It is something that I do: seek justice.
We are all rooks-people diagnosed with SZ and other mental illnesses are treated like rooks. I cannot bring myself to describe what a rook is except to say it's a person who is less than zero-less than even a piece of____.
How can we hope to recover if our therapists and psychiatrists treat us like babies or worse-like rooks. You can read the poetry book by Gil Fagiani titled Rooks about his time at a military college where the freshmen were treated like ____.
This poet has out now a book El Blanquito in the Barrio loosely translated as a white person in Harlem about his experiences in the 1970s. I recommend you buy both books.
So I feel we have to fight back. The song "We're not gonna take it" comes to my mind now.
It was interesting that because of my earliest experiences in the mental health community-first at a day program and also at a residence in a housing project-I got out and stayed out. I kissed that life good riddance.
The idea that someone with a dx can only be a peer advocate rubs me the wrong way too. I believe we can all be mental health activists on our own terms not on the limits imposed on us by society.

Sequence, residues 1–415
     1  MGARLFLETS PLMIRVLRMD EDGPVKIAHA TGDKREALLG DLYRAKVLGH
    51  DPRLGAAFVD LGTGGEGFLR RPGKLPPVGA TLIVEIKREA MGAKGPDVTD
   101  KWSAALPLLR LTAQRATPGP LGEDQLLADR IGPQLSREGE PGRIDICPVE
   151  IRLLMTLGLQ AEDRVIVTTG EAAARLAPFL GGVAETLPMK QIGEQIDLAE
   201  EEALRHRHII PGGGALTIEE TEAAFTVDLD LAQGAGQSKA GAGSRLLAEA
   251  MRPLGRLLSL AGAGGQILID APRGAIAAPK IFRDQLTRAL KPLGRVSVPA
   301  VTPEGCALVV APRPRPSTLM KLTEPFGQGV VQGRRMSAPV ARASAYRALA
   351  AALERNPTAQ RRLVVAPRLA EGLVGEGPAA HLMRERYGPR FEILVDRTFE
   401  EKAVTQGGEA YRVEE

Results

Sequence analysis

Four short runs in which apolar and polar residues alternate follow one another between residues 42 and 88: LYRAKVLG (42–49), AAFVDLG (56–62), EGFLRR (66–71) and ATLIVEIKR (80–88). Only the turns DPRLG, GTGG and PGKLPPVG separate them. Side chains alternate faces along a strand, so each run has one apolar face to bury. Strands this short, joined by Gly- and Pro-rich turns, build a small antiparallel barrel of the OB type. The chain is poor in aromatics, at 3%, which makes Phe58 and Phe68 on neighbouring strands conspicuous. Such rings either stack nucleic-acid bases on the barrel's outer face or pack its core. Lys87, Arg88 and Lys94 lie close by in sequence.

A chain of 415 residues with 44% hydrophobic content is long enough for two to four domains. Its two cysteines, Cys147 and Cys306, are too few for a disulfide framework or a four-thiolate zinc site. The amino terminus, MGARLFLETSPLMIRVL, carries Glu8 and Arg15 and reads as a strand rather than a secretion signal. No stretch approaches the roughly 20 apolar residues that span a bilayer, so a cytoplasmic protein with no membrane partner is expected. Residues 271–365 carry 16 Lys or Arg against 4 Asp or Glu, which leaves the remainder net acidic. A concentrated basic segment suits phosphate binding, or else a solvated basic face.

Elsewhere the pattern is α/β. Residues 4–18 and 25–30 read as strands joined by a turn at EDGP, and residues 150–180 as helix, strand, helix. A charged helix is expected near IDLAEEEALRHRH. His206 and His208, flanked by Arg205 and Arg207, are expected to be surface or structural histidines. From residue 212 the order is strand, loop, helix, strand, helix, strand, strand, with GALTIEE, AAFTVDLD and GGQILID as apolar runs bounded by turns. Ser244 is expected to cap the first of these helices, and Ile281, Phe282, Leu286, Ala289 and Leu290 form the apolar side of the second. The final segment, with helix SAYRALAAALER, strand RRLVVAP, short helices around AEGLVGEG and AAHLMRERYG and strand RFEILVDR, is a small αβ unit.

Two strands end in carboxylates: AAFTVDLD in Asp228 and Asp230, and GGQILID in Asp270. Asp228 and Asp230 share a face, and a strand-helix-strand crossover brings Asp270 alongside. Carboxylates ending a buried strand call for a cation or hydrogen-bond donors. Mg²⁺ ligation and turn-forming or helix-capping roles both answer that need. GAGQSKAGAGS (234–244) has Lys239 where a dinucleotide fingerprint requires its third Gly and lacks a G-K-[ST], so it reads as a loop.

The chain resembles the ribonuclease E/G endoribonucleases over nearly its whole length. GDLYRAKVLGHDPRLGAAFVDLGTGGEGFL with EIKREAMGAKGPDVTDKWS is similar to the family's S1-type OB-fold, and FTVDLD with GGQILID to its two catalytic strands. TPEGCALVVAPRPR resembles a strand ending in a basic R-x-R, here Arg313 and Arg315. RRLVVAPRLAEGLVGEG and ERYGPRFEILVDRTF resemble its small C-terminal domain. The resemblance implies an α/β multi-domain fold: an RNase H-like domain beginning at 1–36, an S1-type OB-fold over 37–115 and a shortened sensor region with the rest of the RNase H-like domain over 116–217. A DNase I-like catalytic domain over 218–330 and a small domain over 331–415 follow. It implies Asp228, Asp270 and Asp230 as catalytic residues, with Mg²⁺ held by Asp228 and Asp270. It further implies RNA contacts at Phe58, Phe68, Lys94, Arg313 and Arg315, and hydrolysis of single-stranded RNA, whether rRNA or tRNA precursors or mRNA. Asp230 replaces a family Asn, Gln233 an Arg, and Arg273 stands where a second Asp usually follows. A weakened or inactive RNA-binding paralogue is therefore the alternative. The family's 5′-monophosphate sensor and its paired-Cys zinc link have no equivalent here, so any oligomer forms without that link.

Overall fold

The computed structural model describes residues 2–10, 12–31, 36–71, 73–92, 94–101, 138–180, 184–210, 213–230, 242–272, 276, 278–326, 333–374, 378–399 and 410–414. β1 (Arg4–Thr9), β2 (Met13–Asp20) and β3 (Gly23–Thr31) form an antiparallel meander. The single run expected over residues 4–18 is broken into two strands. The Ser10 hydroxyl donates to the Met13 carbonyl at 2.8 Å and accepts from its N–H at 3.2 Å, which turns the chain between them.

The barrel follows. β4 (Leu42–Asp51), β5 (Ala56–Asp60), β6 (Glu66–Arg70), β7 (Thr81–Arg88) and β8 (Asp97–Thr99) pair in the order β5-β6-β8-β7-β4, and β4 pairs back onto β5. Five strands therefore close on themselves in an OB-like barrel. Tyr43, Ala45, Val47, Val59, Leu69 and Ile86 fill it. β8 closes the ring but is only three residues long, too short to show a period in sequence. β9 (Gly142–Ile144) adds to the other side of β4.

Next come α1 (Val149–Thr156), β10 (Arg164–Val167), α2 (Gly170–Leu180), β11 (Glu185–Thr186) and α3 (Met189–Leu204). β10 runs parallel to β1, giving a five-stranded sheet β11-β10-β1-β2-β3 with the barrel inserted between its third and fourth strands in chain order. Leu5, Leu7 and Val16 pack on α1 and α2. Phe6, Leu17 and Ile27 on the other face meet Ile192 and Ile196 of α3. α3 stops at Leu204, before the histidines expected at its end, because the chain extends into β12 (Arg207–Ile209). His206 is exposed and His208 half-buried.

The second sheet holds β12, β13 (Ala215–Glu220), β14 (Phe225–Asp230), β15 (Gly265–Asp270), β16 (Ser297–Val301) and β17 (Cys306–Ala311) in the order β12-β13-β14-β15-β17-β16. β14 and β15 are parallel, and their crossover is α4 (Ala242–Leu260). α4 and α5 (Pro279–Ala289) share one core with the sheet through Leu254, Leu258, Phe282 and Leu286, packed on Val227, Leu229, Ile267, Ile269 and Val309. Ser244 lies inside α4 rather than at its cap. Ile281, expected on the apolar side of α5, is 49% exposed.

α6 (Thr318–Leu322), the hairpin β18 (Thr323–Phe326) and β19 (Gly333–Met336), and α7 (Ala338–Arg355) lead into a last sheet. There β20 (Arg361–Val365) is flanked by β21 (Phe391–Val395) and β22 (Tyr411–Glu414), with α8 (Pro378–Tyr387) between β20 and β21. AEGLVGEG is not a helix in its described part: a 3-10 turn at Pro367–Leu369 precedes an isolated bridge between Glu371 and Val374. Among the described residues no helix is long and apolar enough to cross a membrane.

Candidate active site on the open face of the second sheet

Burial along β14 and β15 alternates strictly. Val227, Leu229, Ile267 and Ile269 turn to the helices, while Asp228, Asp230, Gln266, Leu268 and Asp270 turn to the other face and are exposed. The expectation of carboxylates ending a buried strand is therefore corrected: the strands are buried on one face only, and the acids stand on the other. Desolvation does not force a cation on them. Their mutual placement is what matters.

This ties into my Left of the Dial philosophy: be who you are the one and only you.
I'm going to keep this blog entry short because I'm going to write another one when I'm done here. Today's feature will not be a silent movie.
There's this stereotype that if you have schizophrenia and you're not babbling or living on the margins that you were misdiagnosed and don't have a mental illness: that's how low some professionals think of us.
So how does a person fight back? First: you develop backbone. How do you do that? You take risks and do things that give you the confidence to take more risks. You start with one challenge and work on it and next you work on something else.
All the while: you do not give in to the people who say it can't be done or that your role in life is to be a mental patient warming a chair at a clinic or Clubhouse.
Expect success. Do the thing you think you cannot do: to quote Eleanor Roosevelt. Expect respect. Settle for nothing less.
Have a good day.
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